There was also an interview with retired Lt. Col. Murray Sanders, the first US investigator into Unit 731. Sanders claimed that General Douglas MacArthur authorized him to make a deal with the Japanese if they cooperated with the US Biological Warfare Scientist (Ibid, p.5).

Former researchers of Ishii’s unit went to Korea, and continued their experiments. “They were taken to Korea because America used BW and was unable to protect its own army… The research in Korea included not just animals but human dissection” (H. Gold, Ibid, p.173). Although it will not be mentioned any further here because it is outside the main case of this work, chapter seventeen of Unit 731—the Japanese Army’s Secret of Secrets deals with this matter in detail under the title of “Korean War” (pp. 235-285).

How could this collective human behavior, too malicious to be true, be possible? How can we humans understand this collective viciousness of humanity? Sociologists C. Wright Mills gives us an analytical tool through which we can understand this terrible happening in humanity in larger scope with historical viewpoints.

--the Accumulated Human Malignity

C. Wright Mills writes in his Sociological Imagination (Oxford University Press: New York, 1959) that we are required to have sociological imagination which allows us to have the capacity to understand any individual or single-case happening through one’s or its current social context and the whole human history. This is required for the future well-being of the entire humanity because only holistic understanding of human affairs let humanity prepare better future. In this regard, any understanding lack of holistic socio-historical viewpoints is considered human ignorance (pp. 3-24).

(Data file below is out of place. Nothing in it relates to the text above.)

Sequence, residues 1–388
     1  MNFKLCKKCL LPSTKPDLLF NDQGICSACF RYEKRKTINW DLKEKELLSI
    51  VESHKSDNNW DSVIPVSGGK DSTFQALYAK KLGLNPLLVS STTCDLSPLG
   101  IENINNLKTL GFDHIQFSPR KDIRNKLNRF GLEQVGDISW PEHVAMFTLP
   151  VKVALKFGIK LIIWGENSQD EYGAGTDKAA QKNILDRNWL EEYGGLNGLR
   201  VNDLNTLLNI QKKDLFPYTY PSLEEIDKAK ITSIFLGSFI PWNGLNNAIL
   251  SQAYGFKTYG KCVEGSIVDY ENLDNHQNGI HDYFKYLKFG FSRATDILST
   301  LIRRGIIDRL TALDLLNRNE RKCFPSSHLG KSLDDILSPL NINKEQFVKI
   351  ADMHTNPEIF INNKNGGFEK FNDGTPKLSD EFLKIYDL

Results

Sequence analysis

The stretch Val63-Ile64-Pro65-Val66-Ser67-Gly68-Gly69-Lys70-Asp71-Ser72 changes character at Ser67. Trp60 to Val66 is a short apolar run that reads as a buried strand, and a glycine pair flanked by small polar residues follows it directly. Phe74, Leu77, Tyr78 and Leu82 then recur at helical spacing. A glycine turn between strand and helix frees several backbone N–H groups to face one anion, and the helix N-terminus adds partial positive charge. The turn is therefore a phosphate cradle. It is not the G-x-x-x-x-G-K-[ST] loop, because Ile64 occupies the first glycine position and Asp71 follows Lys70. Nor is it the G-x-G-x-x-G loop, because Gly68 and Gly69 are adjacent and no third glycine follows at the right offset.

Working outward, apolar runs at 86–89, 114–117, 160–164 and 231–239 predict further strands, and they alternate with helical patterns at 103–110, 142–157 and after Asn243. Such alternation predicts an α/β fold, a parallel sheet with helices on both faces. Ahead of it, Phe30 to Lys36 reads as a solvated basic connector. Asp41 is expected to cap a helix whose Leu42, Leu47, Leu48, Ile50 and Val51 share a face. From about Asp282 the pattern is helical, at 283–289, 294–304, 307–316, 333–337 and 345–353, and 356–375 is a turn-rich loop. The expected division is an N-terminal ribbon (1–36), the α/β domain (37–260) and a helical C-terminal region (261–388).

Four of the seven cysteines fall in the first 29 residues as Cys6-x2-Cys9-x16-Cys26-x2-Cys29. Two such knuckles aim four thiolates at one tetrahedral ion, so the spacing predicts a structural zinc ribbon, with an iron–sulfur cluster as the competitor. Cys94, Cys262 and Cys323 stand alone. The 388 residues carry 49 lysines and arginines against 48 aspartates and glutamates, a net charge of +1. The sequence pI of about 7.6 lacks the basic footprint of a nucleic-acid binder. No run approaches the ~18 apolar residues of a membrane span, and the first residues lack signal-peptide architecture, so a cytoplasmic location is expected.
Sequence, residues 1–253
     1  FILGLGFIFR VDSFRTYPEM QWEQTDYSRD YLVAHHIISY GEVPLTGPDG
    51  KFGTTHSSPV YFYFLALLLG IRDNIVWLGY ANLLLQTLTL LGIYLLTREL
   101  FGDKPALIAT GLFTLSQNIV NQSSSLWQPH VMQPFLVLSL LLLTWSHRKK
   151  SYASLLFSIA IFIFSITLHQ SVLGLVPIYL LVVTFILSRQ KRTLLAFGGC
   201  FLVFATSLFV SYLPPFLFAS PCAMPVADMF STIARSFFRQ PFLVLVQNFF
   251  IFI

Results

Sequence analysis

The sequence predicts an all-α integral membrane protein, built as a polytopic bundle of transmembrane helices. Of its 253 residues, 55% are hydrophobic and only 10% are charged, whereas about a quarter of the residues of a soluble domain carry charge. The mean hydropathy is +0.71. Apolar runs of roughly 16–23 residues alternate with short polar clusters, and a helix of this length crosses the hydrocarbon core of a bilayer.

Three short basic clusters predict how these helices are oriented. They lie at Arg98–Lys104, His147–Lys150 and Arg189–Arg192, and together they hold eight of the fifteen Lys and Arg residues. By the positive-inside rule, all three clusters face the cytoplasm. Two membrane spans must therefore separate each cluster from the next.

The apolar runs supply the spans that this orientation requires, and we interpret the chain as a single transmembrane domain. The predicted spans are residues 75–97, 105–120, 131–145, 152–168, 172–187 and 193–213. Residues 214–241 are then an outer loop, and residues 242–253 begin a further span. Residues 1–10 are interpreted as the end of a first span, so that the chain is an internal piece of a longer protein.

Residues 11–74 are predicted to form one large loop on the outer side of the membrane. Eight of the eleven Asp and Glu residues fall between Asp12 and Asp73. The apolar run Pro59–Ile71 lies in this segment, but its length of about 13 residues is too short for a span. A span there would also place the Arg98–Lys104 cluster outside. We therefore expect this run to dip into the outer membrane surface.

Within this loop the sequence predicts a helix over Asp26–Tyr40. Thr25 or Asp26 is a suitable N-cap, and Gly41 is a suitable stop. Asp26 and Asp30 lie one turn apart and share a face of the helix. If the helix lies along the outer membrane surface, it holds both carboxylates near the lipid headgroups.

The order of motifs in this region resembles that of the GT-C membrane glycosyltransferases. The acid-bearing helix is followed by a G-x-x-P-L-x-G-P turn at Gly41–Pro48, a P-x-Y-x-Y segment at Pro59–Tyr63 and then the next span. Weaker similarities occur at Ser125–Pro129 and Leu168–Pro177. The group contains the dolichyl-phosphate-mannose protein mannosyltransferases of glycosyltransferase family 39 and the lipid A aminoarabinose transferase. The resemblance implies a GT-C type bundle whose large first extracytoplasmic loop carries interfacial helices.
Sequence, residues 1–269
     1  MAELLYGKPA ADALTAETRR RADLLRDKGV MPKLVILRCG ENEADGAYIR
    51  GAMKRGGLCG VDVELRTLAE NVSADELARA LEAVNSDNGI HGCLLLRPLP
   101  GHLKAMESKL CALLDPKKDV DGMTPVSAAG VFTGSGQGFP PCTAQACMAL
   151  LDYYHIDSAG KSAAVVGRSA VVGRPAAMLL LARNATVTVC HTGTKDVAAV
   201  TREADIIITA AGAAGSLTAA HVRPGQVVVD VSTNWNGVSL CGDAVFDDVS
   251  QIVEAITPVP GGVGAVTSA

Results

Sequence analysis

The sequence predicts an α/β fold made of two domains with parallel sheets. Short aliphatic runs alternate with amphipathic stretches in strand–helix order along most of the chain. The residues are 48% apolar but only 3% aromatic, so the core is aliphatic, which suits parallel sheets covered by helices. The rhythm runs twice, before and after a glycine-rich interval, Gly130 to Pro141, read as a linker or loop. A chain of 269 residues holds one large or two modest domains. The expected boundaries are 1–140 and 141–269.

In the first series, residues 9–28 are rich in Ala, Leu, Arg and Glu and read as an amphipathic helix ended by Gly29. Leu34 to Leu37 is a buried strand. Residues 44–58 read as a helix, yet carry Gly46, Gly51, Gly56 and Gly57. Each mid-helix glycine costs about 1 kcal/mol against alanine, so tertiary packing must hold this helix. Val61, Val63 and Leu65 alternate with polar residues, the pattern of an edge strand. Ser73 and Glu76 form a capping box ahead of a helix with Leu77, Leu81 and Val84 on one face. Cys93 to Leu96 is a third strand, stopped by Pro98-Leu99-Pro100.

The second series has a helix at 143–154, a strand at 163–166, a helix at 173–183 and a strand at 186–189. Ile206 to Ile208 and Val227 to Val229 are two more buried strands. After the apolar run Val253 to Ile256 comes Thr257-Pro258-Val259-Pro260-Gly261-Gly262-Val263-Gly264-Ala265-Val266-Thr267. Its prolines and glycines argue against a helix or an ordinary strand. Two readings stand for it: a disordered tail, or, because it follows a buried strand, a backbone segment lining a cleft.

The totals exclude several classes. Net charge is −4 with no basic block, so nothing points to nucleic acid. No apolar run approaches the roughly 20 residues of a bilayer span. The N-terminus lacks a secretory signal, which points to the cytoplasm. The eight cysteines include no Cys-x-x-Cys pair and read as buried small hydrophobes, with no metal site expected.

Based on the above framework, one may see Unit 731’s human experiments for bio-weapons during the Second World War through socio-economic political context in current history. In this regard, Gilbert Ziebura’s research on pre-Second-World-War economy and politics including that of Japan is worth a close look (World Economy and World Politics, 1924-1931, First Published in German in 1984, Translated into English by Bruce Little and published by Berg Publishers Ltd., Oxford: UK, 1990).

Ziebura mainly analyzes in this research the post-war world economic structure such as the Versailles System (1924-1929) and the Washington System (1922-30) which tried to reconstruct the world economy after the First World War yet failed in doing so (pp.77-122) and lead the economic causes of the Second World War mainly through the Great Depression of the year 1929 (pp. 139-166). He analyzes Japan’s economic and foreign policies (pp.123-131) and her militarism (pp. 158-162) in this aspect. Japan, with the help of the USA, began to enter into a modern industrial society through Meiji reformation in 1867, and cooperated with the USA in expanding her economic and political power in South-Eastern Asia. Although her productivity swiftly grew far exceeding that of Europe and the USA, the depression and global economic crisis of 1920-21 shrank her foreign market, and the price of Japanese industrial and agricultural products rapidly fell down. Japanese population was quickly growing, and their economic and social tensions became worsened due to the crisis of world economy. “If Japan was to resolve her demographic, social and economic problems, only two courses presented themselves: either enhance foreign trade, especially with the United States and China, and thereby implicate Japan more deeply in the international division of labour, or if this approach did not succeed, expand by force of arms into the Chinese hinterland in order to gain the material basis of policy of economic autarky” (p.128).